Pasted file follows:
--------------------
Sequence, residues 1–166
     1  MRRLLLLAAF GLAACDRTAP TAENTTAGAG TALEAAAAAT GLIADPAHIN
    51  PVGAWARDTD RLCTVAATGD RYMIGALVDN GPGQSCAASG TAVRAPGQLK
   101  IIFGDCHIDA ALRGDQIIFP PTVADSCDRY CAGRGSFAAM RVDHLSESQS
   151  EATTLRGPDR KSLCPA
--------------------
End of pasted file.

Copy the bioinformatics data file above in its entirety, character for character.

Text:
Sequence, residues 1–166
     1  MRRLLLLAAF GLAACDRTAP TAENTTAGAG TALEAAAAAT GLIADPAHIN
    51  PVGAWARDTD RLCTVAATGD RYMIGALVDN GPGQSCAASG TAVRAPGQLK
   101  IIFGDCHIDA ALRGDQIIFP PTVADSCDRY CAGRGSFAAM RVDHLSESQS
   151  EATTLRGPDR KSLCPA